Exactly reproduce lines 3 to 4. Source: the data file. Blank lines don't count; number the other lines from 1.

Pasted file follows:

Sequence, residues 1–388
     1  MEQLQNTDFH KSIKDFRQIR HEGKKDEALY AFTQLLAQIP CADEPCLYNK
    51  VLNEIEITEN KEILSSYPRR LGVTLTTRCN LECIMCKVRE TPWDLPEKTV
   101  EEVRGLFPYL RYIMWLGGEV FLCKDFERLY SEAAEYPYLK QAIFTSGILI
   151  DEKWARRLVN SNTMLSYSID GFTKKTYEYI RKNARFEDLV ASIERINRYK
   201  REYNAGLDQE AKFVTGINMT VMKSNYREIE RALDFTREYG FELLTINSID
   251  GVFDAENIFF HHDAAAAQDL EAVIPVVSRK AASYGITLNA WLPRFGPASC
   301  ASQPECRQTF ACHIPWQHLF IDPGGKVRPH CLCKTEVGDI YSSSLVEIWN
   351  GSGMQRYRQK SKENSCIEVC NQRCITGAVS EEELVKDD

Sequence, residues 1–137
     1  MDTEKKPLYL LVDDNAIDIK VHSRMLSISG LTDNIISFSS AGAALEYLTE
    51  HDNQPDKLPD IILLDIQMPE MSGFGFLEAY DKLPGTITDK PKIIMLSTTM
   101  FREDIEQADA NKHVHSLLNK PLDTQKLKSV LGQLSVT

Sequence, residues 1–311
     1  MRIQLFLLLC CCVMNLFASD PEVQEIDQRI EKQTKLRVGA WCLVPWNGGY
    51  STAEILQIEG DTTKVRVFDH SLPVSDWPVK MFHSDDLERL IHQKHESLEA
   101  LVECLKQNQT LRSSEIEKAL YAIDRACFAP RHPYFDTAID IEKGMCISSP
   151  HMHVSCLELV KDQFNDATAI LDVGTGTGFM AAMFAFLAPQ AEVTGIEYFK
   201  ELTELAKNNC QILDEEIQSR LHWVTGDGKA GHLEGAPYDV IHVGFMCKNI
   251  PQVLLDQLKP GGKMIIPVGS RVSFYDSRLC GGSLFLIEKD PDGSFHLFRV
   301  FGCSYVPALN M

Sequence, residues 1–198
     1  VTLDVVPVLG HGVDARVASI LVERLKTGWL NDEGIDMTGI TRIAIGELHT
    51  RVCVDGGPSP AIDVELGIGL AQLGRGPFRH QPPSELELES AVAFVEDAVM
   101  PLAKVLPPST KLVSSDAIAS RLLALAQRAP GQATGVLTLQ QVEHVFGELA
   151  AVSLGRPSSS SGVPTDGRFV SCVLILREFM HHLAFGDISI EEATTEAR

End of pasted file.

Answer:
    51  VLNEIEITEN KEILSSYPRR LGVTLTTRCN LECIMCKVRE TPWDLPEKTV
   101  EEVRGLFPYL RYIMWLGGEV FLCKDFERLY SEAAEYPYLK QAIFTSGILI